This week’s “Countdown to Christmas” project of the Department of Tourism highlights the best of Bicol (Region V). Having missed the 2014 Gayon Bicol Trade Fair last month at SM Megamall, I got excited by the chance to experience a scaled-down version of it at the DOT office in Makati.
The organizers make no bones about it. The Bicol showcase is a Mini Christmas Exhibit, with emphasis on “mini.” The goods occupy no more than four small spots in the lobby. Tourism Regional Director Maria Ravanilla had a most logical explanation for what seemed, to a highly expectant Bicolano like me, a lame turnout.
She said that Region V (composed of Albay, Camarines Sur, Camarines Norte, Catanduanes, Masbate, and Sorsogon) has—and there’s no question about it—so much to offer to the world. The chosen venue, however, limits the opportunity to show all or most of them. Bringing in the products to the small space, may not draw the desired crowd and is just not cost-effective. Still, they hoped that whatever they brought in would reflect the richness of the region and the creativity of its people.
Realizing that I couldn’t focus on what’s not there, I looked around at what was available—and still saw what I was looking for. The Bicolano oragon and magayon characteristics were right there before my eyes (oragon is the Bicolano term for excellence in any undertaking; magayon means beautiful).
Abaca products have gone a long way from the traditional bags and slippers. The colors have become more vibrant, the craftsmanship is cleaner, and the appeal has gone world-class. There ought to be a good market out there for the new designs of handicrafts made in the region.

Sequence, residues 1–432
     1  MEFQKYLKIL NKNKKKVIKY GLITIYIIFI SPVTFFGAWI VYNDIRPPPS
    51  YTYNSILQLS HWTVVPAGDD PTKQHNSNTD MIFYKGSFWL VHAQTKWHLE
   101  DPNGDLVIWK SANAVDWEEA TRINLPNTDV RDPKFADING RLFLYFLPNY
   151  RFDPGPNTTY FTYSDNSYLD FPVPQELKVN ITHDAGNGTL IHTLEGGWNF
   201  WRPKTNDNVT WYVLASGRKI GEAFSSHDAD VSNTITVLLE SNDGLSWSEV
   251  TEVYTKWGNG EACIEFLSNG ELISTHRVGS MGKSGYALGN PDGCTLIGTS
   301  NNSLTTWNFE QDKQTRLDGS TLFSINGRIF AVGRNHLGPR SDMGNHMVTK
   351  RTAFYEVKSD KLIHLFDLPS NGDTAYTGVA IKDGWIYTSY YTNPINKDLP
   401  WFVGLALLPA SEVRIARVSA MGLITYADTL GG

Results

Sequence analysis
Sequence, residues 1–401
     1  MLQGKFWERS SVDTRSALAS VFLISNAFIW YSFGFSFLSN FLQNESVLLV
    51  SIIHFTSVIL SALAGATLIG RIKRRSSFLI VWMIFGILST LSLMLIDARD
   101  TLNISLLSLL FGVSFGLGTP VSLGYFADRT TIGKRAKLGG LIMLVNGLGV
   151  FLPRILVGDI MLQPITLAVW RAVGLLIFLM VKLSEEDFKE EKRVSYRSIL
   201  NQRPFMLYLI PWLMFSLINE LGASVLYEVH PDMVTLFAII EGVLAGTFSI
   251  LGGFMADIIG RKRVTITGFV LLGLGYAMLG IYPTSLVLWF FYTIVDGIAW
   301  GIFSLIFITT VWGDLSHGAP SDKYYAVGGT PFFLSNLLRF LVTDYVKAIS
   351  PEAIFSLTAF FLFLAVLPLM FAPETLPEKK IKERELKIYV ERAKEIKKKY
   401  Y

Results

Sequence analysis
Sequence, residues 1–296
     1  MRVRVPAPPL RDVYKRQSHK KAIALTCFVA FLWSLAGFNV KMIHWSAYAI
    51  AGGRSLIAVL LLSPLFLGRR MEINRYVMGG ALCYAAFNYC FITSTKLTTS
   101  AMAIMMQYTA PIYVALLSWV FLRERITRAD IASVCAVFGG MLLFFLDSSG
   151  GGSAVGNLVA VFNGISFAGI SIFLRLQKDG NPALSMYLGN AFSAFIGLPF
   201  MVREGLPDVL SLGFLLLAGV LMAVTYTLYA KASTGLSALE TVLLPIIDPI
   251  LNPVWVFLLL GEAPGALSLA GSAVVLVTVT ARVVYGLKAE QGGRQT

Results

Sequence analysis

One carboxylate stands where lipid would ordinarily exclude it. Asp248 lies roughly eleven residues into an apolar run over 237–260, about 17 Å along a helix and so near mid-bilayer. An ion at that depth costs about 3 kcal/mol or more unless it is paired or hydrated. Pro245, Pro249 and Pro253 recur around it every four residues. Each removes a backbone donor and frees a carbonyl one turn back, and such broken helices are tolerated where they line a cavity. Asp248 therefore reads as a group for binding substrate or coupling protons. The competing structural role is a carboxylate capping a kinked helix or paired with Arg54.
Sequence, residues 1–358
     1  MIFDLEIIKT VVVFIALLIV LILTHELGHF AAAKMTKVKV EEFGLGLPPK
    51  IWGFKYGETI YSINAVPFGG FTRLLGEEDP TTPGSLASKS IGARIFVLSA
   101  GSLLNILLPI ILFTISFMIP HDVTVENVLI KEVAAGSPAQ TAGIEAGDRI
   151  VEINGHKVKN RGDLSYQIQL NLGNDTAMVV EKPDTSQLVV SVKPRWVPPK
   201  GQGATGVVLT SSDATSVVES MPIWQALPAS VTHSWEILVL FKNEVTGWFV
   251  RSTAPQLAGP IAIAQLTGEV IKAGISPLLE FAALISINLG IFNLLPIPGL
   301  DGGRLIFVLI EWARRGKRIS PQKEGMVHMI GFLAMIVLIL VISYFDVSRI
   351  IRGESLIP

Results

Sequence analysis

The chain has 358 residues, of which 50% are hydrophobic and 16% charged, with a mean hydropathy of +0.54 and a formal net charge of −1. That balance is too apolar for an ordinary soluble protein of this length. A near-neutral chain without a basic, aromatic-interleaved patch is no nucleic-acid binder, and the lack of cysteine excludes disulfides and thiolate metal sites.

The native Christmas decors are particularly beautiful.
Pili-based goodies come in different persuasions. They now come in turmeric, muscovado, garlic, and other healthful choices. There’s moringa (malunggay) polvoron, too. I was looking for laing or pinangat, but there wasn’t any. Instead, I got katnga, another name for the Bicolano dish made with taro leaves and coconut milk. In bottled form, its shelf life got even better.
Chili peppers (sili or lada in Bicol) not only provide the heat in Bicolano cuisine; they also make colorful ornamentals.
I’m glad I stayed for the afternoon cultural presentation. It turned out Iriga City in Camarines Sur is not just Nora Aunor country when it comes to musicality. The MAG Dancers are called “Iriga’s Pride” for a reason. Their swirls, leaps, and lifts come with such grace, energy, and precision. Simply jaw dropping!
These dancers are scholars of former Iriga City Mayor Madelaine Alfelor-Gazmen, which explains the acronym MAG.
Watch this video of the dancers in action at a different event.
I learned from Mayor Madel that Iriga City holds its Tinagba Festival in February. I have heard so much about this festival and have always wanted to visit Bicol for this very reason.
Come February 2015, I must, I must!